The story is both personal and political. Author Emily Mendenhall, an anthropologist at Georgetown University, is a native of Okoboji, and her family still lives there. As the events unfolded, Mendenhall was in Okoboji, where she spoke formally with over 100 people and observed a community that rejected government guidance and public health knowledge, revealing deep-seated mistrust in outsiders and strong commitments to local thinking. Unmasked is a fascinating and heartbreaking account of where people put their trust, and how isolationist popular beliefs can be in America's small communities.
    Sharonee Dasgupta is currently a graduate student in the department of anthropology at UMass Amherst.
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    • 33 min
    Susan Hartman, "City of Refugees: The Story of Three Newcomers Who Breathed Life into a Dying American Town" (Beacon Press, 2022)

    Susan Hartman, "City of Refugees: The Story of Three Newcomers Who Breathed Life into a Dying American Town" (Beacon Press, 2022)

    City of Refugees: The Story of Three Newcomers Who Breathed Life into a Dying American Town (Beacon Press, 2022) paints an intimate portrait of the newcomers revitalizing a fading industrial town – illuminating the larger canvas of refugee life in 21st century America. For many Americans, ‘refugee’ still conjures up the image of a threatening outsider: a stranger who will steal jobs, or a family who will be a drain on the economy. Yet, most people know little about how refugees have actually fared in America: the lives they have built over generations and the cities they have transformed. In New York state, the old manufacturing town of Utica could have disappeared altogether if it wasn’t for the growing population of refugees who revved the economic engine – starting small businesses, renovating houses, and adding a fresh vitality to the community through cultural diversity. For eight years, journalist Susan Hartman followed three newcomers as they put down roots in a new city: Sadia, a bright, rebellious Somali Bantu girl battling her formidable mother; Ali, an Iraqi translator, still suffering trauma from the ongoing war in his homeland; and Mersiha, an ebullient Bosnian, who dreams of opening a café. They’re also the entry point to those leading the city: the mayor, teachers, doctors, and firefighters, who have adapted to the refugees that have made the city their home. Hartman explores the ways these refugees have stitched together their American and traditional identities, the dreams they have for their new lives in Utica, and the pain some still carry from their pasts.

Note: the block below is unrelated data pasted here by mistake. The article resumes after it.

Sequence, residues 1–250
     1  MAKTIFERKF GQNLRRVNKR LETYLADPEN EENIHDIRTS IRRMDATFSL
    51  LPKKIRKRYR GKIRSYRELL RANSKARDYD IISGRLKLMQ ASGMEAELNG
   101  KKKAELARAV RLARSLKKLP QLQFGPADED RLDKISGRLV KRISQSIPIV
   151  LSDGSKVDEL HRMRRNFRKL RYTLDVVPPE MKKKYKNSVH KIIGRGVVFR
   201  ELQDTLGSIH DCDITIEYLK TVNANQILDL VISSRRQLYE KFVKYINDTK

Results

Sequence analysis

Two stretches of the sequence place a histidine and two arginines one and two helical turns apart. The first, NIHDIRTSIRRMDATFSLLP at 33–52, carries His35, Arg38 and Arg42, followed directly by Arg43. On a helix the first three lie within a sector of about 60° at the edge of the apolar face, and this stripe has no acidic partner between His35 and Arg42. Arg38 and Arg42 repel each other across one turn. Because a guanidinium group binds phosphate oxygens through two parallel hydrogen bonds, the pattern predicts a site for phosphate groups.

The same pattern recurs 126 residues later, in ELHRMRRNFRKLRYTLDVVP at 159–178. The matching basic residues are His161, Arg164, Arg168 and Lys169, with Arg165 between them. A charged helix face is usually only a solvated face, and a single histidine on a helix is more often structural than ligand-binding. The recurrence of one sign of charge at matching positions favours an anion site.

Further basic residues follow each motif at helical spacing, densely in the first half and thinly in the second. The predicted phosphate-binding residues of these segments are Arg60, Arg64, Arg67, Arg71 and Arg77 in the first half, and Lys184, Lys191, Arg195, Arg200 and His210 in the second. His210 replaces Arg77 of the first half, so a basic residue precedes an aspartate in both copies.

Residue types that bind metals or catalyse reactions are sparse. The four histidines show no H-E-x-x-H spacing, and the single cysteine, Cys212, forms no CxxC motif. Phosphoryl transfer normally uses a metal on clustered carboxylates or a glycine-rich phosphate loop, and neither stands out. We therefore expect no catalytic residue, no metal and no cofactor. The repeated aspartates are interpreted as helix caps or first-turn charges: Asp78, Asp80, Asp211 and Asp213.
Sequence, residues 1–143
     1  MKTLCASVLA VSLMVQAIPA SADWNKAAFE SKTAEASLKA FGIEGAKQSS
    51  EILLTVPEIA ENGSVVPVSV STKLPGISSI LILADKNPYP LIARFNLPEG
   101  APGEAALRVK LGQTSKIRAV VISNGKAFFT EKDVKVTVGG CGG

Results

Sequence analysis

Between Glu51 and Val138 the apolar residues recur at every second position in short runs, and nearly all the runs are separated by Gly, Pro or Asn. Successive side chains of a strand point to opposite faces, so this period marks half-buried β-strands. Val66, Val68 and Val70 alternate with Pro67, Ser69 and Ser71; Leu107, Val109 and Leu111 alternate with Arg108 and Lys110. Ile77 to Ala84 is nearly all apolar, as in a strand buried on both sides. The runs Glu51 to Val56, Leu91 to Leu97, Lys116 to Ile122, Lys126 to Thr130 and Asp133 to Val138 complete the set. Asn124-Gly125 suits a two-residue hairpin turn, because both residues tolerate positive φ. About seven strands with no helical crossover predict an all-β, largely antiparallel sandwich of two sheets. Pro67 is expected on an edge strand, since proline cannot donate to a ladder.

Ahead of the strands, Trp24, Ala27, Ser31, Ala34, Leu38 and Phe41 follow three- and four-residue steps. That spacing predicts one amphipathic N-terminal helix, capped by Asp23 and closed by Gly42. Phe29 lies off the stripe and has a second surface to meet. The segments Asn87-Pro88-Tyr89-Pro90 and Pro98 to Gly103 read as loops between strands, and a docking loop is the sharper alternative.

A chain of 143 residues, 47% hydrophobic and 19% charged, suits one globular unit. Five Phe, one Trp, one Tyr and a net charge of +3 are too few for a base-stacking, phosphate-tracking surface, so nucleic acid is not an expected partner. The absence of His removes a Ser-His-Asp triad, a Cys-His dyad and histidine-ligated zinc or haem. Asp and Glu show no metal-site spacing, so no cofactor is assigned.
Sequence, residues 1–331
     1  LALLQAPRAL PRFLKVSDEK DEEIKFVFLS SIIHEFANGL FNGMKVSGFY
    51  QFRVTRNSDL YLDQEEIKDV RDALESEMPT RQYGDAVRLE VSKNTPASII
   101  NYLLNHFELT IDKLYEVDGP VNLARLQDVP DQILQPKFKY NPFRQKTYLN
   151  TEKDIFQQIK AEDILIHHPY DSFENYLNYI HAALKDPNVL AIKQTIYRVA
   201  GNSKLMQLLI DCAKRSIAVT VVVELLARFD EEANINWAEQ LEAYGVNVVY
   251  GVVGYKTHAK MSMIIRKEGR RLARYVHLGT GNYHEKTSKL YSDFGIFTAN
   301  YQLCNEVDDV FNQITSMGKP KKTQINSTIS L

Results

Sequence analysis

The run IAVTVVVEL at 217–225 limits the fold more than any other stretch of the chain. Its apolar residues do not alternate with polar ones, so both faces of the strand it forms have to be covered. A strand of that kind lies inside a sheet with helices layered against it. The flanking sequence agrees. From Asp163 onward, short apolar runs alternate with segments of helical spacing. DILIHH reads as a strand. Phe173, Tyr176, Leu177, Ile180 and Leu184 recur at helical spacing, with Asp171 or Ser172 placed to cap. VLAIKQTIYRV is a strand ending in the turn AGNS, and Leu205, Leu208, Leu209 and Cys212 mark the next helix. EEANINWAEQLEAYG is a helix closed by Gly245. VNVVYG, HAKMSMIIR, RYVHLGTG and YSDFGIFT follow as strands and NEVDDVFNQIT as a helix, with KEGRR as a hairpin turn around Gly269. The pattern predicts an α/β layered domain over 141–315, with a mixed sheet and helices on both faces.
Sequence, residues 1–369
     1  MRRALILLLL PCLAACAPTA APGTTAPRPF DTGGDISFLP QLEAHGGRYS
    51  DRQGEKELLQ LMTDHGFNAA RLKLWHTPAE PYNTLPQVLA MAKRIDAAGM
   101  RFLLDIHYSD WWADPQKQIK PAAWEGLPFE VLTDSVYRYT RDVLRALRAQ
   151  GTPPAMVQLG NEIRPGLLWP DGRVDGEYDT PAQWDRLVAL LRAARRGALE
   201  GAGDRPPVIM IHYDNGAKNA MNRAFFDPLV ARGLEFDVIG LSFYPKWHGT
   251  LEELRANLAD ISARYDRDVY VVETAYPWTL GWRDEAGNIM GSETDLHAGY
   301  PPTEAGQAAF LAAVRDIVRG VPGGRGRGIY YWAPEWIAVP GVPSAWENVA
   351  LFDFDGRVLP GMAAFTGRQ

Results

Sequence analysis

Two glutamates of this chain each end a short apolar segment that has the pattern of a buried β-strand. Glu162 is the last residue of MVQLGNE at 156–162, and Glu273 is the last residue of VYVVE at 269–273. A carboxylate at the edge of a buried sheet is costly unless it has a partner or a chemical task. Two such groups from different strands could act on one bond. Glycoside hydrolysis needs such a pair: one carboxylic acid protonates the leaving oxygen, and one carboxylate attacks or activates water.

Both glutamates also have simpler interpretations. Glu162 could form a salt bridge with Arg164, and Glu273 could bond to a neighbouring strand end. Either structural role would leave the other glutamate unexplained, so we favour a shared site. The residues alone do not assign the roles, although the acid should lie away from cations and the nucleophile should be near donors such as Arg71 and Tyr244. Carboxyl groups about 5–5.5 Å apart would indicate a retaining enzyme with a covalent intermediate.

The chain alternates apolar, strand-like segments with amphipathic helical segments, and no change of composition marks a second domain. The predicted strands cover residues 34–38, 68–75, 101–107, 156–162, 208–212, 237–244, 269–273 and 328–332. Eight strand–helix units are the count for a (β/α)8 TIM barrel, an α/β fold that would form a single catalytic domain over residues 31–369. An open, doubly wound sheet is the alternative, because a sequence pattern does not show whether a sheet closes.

Stephen Pimpare is director of the Public Service & Nonprofit Leadership program and Faculty Fellow at the Carsey School of Public Policy at the University of New Hampshire.
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    • 31 min
    Dayna Bowen Matthew, "Just Health: Treating Structural Racism to Heal America" (NYU Press, 2022)

    Dayna Bowen Matthew, "Just Health: Treating Structural Racism to Heal America" (NYU Press, 2022)